We sat in the family section where they had provided high chairs, , a table with some toys and an area with kettle and microwave for heating baby foods. I thought this was an excellent idea. There was also more room for the pushchairs where you could keep an eye on yours while eating your food. There also didn't seem to be a problem with us eating our sandwiches brought from home either which I thought was nice.
Okay so now we were toileted and fed where do we go now?
We made our way out again in order to come in through the entrance to collect our tickets. We had to show our NT membership cards and collect tickets for the garden/house. Everyone has to collect these tickets in order to get into the garden or house you can't just show your NT membership card there.
These are not formal gardens in the gardening sense. They are quite natural and with plenty of large trees for shade, a small stream meanders through with a bridge over taking from one section to the next. Dunham Massey has Britain's largest winter garden set in a huge 7 acres. There are about 700 different plant types and 1,600 shrubs specially bred to provide either winter bark interest, flower or fruit in winter or have autumn colour, scent or sound.
The planting of this garden was done with the help of volunteers and 1,500 local school children and includes planting of over 200,000 bulbs.
We were there in late summer and there were still quite a number of flowering shrubs and herbaceous plants although they were coming to the end of their prime flowering. I would like to go back and see the garden in the winter one day when we are on our way over to visit daughter and family and then again in spring to see all the bulbs,. January and February would be interesting if they have planted snowdrops.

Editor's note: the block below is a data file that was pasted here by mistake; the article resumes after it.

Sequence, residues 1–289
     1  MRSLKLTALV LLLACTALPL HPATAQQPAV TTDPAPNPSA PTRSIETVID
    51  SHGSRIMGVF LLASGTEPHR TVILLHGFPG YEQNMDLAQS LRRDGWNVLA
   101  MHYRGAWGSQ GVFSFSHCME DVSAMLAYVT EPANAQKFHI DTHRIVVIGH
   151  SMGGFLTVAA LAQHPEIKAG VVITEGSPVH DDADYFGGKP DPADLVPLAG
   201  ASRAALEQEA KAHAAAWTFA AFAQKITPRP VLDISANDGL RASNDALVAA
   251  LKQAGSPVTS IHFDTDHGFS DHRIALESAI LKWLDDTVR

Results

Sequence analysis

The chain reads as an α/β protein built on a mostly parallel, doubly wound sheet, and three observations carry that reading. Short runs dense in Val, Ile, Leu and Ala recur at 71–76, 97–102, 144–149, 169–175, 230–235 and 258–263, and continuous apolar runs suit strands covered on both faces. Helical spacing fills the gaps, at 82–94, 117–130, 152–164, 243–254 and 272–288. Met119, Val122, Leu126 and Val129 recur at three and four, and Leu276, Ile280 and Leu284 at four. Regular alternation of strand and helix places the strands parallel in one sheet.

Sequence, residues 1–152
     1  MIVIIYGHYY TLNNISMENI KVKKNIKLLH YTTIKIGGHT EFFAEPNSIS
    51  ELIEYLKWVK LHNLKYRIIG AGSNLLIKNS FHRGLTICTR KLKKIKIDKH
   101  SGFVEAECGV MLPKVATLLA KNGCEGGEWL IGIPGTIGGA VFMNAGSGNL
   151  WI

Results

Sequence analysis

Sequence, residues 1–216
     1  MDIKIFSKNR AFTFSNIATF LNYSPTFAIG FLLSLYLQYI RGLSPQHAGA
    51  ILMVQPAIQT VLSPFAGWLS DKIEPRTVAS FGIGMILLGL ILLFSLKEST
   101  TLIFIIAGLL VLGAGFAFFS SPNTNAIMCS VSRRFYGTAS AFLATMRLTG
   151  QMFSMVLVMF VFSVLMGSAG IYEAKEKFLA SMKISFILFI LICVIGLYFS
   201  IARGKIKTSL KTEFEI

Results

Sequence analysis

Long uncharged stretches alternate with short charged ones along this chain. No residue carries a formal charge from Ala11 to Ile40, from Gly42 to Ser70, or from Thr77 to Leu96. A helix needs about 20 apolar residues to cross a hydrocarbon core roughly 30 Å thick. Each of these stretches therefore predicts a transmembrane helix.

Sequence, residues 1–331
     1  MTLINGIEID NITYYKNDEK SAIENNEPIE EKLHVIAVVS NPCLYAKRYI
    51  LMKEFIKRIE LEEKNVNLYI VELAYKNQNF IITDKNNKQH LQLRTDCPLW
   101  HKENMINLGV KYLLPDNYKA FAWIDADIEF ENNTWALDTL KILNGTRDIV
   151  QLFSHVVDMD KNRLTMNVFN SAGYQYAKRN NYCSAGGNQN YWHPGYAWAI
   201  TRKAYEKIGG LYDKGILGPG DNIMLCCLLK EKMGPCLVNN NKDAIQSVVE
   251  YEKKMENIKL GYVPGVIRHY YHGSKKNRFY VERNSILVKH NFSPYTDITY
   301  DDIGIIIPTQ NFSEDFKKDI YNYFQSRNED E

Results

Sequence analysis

We enjoyed the fact that we could walk on hard gravel paths with the push chair and admire the beautiful ancient trees as well as the beds and borders. It was a large garden that you could enjoy a really good walk around not just a small display garden showing particular plants.
A bit about Dunham Massey:
This park has been popular with Manchester city folk for over two hundred years. It is thanks to the generosity of the 10th Earl of Stamford that the NT now own thus beautiful area as he bequeathed his entire estate to the NT in 1976. The NT now manages these 3,200 acres so that future generations can enjoy this lovely walled park land with its fallow deer.
This hunting park has a very long history as there is evidence of a Norman castle here. Wild boar and deer were hunted before the first mention of a park which was in 1362. By 1697 there are pictures showing a moated hall and a fenced park. During the Industrial revolution Dunham became very popular with Mancunians escaping the smoggy city for a breath of fresh air. They would get there on the railway and apparently on Whitsun afternoon in 1843 there were over 20,000 visitors.
The estate is managed very carefully to maintain a balanced eco system of unusual grasses, deer which have to be limited in their numbers by culling to about 150. There are other native fungi, birds, bats and insects that also enjoy the parkland along with the many human visitors.
Walks around Dunham:
The History walk:
This is the one we did as our time was limited. The distance is quite short about 600metres and this takes about 20 minutes. The walk was chosen by us as we had the pushchair and this is all wheelchair and pushchair friendly.
Really all you are doing is wandering around the main house and buildings area on a good path. You start at the Clock tower and walk across the moat where you can turn and look at the fact that Dunham Hall was built on a mound for defence purposes and surrounded by the moat. You walk past the limbless oak which is an ancient dead tree that is supposed to be about 400 years old. You then pass the cottages which were formerly a barn and then converted into homes for the staff in 1921. Round a bit further you pass the stables and on to the stallion pound where brood mares were mated from 1720 onwards. The Elizabethan Mill which is open to the public was used for grinding corn originally then as a saw mill. Keep going on round still further you come back to the stable yard and the restaurant and shops again.